## Abstract

Analyzing functional magnetic resonance imaging (fMRI) pattern similarity is becoming increasingly popular because it allows one to relate distributed patterns of voxel activity to continuous perceptual and cognitive states of the human brain. Here we show that fMRI pattern similarity estimates are severely affected by temporal pattern drifts in fMRI data – even after voxel-wise detrending. For this particular dataset, the drift effect obscures orientation information as measured by fMRI pattern dissimilarities. We demonstrate that orientation information can be recovered using three different methods: 1. Regressing out the drift component through linear modeling; 2. Computing representational distances between conditions measured in independent imaging runs; 3. Crossvalidation of pattern distance estimates. One possible source of temporal pattern drift could be random walk like fluctuations — physiological or scanner related — occurring within single voxel timecourses. This explanation is consistent with voxel-wise detrending not alleviating pattern drift effects. In addition, this would explain why crossvalidated pattern distances are robust to temporal drift because a random walk process is expected to give rise to non-replicable drift directions. Given these findings, we recommend that future fMRI studies take pattern drift into account when analyzing pattern similarity as this can greatly enhance the sensitivity to experimental effects of interest.

## 1. Introduction

Multivariate analysis of functional magnetic resonance imaging (fMRI) data allows one to relate distributed patterns of activity to perceptual and cognitive states of the human brain. As pattern-information techniques are gaining popularity, it is important to identify stimulus-unrelated factors influencing fMRI patterns in order to reduce nuisance variation, avoid confounds, and make results interpretable. In this study we investigate the effect of stimulus unrelated temporal drifts, which has recently been shown to profoundly alter fMRI patterns evoked by a diverse set of visual images (Henriksson et al., 2015; Kay et al., 2008). In particular, we investigate the consequences of pattern drift on fMRI pattern dissimilarity analysis (Kriegeskorte et al., 2007; Kriegeskorte et al., 2008; Kriegeskorte & Kieviet, 2013).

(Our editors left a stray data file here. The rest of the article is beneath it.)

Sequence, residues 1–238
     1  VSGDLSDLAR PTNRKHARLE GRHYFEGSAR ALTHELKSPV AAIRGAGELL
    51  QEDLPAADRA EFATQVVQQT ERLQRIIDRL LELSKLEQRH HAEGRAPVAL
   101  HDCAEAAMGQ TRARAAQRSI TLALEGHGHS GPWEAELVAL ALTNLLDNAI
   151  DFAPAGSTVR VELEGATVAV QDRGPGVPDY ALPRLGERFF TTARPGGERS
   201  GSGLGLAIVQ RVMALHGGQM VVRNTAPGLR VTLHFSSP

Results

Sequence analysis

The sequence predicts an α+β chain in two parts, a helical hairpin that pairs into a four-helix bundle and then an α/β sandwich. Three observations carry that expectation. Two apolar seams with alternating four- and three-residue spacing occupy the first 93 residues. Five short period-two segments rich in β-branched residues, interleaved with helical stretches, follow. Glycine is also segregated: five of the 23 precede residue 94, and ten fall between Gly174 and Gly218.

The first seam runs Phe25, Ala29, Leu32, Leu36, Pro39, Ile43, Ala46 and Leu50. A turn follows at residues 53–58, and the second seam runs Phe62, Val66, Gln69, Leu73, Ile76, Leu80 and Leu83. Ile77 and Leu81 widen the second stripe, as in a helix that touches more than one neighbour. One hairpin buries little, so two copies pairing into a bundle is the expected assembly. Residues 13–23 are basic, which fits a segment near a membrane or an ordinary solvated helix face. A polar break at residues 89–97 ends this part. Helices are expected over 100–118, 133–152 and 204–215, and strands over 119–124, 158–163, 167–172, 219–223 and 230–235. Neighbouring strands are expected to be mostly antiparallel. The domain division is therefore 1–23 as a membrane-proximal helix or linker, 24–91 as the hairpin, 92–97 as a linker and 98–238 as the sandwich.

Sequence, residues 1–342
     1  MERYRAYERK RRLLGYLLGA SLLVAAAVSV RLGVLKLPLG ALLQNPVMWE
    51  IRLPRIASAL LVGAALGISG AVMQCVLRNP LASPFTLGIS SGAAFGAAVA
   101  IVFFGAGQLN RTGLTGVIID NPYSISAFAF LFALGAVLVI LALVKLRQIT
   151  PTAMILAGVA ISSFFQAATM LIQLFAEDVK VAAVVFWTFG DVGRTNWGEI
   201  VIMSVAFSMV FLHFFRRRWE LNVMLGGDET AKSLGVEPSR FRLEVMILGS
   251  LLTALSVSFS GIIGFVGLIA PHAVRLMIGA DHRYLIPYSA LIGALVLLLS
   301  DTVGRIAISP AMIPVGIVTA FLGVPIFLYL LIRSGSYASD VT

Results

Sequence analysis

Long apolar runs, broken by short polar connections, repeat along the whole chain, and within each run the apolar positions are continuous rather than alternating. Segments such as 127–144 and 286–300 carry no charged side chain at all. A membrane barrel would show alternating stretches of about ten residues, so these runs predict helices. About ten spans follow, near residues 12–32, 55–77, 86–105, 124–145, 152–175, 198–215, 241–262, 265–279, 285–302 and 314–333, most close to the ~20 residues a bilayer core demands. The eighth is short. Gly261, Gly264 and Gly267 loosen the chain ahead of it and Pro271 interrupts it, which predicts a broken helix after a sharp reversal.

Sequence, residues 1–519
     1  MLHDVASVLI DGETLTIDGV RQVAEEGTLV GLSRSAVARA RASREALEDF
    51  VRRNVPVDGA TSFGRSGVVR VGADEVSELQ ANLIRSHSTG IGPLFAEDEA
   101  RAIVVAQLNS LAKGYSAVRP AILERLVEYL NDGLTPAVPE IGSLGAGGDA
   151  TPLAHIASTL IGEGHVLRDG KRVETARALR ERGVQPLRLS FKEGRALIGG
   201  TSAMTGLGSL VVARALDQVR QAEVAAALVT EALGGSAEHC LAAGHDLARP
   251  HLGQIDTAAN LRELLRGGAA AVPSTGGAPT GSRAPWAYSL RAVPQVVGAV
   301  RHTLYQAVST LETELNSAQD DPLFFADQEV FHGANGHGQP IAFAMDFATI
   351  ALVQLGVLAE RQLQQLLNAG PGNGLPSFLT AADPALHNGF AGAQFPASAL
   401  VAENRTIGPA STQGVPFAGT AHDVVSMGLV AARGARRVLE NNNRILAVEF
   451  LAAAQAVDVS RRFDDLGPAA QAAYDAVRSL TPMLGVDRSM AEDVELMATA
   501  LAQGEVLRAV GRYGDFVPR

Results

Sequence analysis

In the present study, we show that temporal pattern drift also affects well-documented fMRI patterns evoked in V1 by visual orientation (Kamitani & Tong, 2005; Haynes & Rees, 2005). Specifically, we find that the size of orientation effects on fMRI patterns in V1 is dwarfed by the effect of temporal pattern drift. This effect occurs regardless of high-pass filtering and detrending of single voxel timecourses, which suggest that conventional univariate temporal preprocessing steps (Tanabe et al., 2002) do not remedy the observed pattern drift. We then demonstrate that the drift confound can be alleviated using three different methods: 1. Regressing out the drift component through linear modeling; 2. Computing representational distances between conditions measured in independent imaging runs; 3. Crossvalidation of pattern distance estimates.

## 2. Material and methods

We analyzed fMRI response patterns elicited by visual orientation stimuli in early visual areas. The data have previously been analyzed in Alink et al. (2013), where a more detailed description of the stimuli and design can be found.

### 2.1 Experimental design and task

#### 2.1.1 Experimental design

The experimental paradigm in Alink et al. (2013) was devised so as to classify different orientations of low-level visual stimuli. Four stimulus types were presented, each comprising two orthogonally oriented stimuli (see Appendix Fig. A1). Stimulus types were gratings, spirals, and versions of both in which the image had been divided into a log-polar checkerboard array of patches and half the patched had been swapped between the stimuli.